I have decided to stick with love. Hate is too great a burden to bear.
~Martin Luther King, Jr.
Welcome to February everyone,
This month feature events such as Groundhog Day, Valentine’s Day, Presidents Day, Super Bowl Sunday, National Wear Red Day, and National Bird-Feeding Month. However, growing up the one that meant the most in my community was Black History Month. When my parents were children their history books didn’t reflect any African-American contributions to American society. So, for me, Black History Month was an inherent part of my childhood. Moreover, this event originally began as a week long celebration, courtesy of historian Dr. Carter G. Woodson.
In 1926, Dr. Woodson and the Association for the Study of Negro Life and History proclaimed that the second week of February to be “Negro History Week.” This week was chosen because it marked the birthday of Abraham Lincoln and Frederick Douglass. Dr. Woodson contended that the teaching of black history was essential to ensure the physical and intellectual survival of the race within broader society. Beginning this initiative in the nation’s public schools was essential. However, the first Negro History Week was met with a less than stellar response, cooperation was gained from the Departments of Education of the states of North Carolina, Delaware, and West Virginia as well as the city school administrations of Baltimore and Washington, D.C. Despite the acceptance, an annual repeat of the event was planned.
By 1969, Kent State’s Black United Students proposed the week be expanded to a whole month. The first celebration of the Black History Month took place at Kent State one year later, in February 1970. In 1976, the informal expansion was officially recognized by the U.S. government.
The initial aim of Black History Month was to encourage the teaching of Black American’s history. Now, the current aim should be more than memorizing facts and events, but explore the various journeys of our black citizens, present and past. And unlike my parents academic upbringing, black history now has a firm place in U.S. history textbooks.
My hope for Black History Month is that it has a positive effect on everyone that chooses to celebrate it. I want the personal narratives to command a deep appreciation from its audience and change narrow minded views. Hopefully, this will bring more meaning to words in a textbook and give inspiration to all Americans.
Follow Anita on Twitter: @Emranija
Happy MLK Day Y’all.
Martin Luther King, Jr is an American icon that I’ve known about since an early age. My parents made sure that my brother and I understood the history of the African-American Civil Rights Movement and how Dr. King was a crucial part of making that renowned. Inherently, this began to build a foundation for me and how I viewed the world. I was taught to judge a person by their character and not by their color or creed.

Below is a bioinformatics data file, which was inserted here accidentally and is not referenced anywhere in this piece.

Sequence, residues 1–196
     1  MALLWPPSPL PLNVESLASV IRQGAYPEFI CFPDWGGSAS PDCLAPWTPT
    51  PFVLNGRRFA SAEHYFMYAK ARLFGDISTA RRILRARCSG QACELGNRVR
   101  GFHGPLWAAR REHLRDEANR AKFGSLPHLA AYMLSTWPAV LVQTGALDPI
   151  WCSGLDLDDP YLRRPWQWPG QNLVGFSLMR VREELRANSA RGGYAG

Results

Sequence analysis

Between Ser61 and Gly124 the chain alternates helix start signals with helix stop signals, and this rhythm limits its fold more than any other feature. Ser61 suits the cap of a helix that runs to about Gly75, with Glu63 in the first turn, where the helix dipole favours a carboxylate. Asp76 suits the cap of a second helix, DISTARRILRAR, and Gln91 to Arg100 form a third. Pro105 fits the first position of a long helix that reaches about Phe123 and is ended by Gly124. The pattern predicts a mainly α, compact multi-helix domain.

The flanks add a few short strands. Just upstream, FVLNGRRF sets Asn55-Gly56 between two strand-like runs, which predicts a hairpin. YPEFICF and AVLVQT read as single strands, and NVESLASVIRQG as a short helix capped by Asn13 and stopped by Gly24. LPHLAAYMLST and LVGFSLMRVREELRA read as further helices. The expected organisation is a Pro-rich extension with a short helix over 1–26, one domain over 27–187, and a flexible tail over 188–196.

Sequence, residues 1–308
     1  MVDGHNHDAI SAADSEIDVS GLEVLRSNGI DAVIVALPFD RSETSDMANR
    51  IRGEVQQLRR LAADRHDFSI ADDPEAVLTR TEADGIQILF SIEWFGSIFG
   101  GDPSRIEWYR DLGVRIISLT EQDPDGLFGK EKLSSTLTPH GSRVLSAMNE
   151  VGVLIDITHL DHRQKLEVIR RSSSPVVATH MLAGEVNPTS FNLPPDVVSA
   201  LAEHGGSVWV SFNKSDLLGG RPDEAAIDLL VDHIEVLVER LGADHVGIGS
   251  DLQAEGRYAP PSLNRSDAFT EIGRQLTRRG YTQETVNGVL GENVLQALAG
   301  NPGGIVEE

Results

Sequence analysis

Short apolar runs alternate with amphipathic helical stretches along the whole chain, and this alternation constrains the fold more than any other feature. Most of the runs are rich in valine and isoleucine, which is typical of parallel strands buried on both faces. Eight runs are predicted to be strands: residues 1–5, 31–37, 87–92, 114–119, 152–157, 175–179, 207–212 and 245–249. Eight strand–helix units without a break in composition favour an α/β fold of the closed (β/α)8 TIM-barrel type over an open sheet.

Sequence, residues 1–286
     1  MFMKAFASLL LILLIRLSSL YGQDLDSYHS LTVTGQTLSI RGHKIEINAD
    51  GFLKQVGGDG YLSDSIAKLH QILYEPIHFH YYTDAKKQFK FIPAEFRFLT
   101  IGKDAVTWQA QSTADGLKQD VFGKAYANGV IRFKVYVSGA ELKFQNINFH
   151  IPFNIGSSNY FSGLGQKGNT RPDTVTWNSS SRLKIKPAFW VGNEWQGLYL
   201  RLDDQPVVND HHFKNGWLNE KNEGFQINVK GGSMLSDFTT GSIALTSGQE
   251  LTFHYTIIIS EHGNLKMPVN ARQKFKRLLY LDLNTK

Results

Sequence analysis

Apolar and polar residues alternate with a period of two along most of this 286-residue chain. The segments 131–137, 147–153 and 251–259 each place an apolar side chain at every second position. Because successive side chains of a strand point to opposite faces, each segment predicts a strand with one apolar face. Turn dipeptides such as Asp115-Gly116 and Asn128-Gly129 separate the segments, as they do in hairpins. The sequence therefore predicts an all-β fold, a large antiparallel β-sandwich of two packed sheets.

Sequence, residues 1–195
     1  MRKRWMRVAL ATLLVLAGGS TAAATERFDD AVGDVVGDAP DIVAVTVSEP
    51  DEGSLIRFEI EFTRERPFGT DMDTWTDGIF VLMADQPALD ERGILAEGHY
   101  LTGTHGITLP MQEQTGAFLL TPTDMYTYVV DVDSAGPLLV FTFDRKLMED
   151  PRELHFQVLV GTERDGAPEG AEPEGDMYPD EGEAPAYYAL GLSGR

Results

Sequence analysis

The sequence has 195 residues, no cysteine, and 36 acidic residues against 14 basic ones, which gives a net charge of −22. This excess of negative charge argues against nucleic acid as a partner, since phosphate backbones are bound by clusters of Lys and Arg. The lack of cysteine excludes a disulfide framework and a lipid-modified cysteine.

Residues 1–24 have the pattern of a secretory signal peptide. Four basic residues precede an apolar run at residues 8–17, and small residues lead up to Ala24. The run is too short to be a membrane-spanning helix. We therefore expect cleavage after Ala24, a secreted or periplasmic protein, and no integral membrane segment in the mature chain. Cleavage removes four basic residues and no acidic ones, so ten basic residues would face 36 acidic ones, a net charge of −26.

When I first moved from Maryland to Virginia, I had no idea what was in store for me. Although I knew about racism, the South was an entirely different animal once you lived there. I expected discrimination from the white community, but it was a total shock to receive it from another African-American. I was criticized for the way I spoke and dressed and was told that I was trying to “act white”. For years, my individuality was encouraged by my family members; however, in this new place, I wasn’t black enough or labeled an “Uncle Tom”. This hurt me more than when I was told that a white boy (that I liked) didn’t like me because of my skin color. I was okay with the boy not liking me, or even excepting me, but not being excepted by members of my own community was devastating.
I learned not to let the actions of a few define who I was or my dreams. It would’ve been easy to default to the level to which others tried to bully me to, but like Dr King, I took a stand for myself and what I felt was right. If it weren’t for those moments in my youth, I wouldn’t be who I am now.
I’m proud to say that I teach my son the same motto my parents instilled in me. I want him to know that hating someone based on their skin color, social status, sexual orientation, or any other discriminating factor is unacceptable. Hate is a wasteful, negative effort that pulls a person away from positive energy that can motivate them to greater heights.
I want a better, brighter, and more diverse future for my son. I’d like there to be no hate in his future, but the side effects from the 192 years of oppression in America’s history won’t likely let that happen. I just pray that we as human beings will recognize that skin color doesn’t really matter and doesn’t define who we are.
Follow Anita on Twitter: @Emranija
Resources: For more about Dr. Martin Luther King Jr
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